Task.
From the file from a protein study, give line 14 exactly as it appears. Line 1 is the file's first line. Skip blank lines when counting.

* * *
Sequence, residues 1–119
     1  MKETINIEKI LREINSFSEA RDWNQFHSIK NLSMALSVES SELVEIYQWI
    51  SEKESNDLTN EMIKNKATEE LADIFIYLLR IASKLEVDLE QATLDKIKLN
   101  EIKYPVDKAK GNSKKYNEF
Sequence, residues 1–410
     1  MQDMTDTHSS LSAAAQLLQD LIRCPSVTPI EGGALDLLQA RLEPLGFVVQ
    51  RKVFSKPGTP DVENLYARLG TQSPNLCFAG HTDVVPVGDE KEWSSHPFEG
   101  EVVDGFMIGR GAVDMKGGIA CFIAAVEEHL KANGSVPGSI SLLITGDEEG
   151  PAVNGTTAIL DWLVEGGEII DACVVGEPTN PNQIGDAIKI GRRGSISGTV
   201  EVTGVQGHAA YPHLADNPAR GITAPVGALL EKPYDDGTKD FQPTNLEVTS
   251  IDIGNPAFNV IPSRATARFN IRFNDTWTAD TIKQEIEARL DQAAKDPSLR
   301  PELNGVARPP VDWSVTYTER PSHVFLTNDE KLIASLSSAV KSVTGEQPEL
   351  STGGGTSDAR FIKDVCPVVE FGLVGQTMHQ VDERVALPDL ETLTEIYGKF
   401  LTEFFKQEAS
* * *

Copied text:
   401  LTEFFKQEAS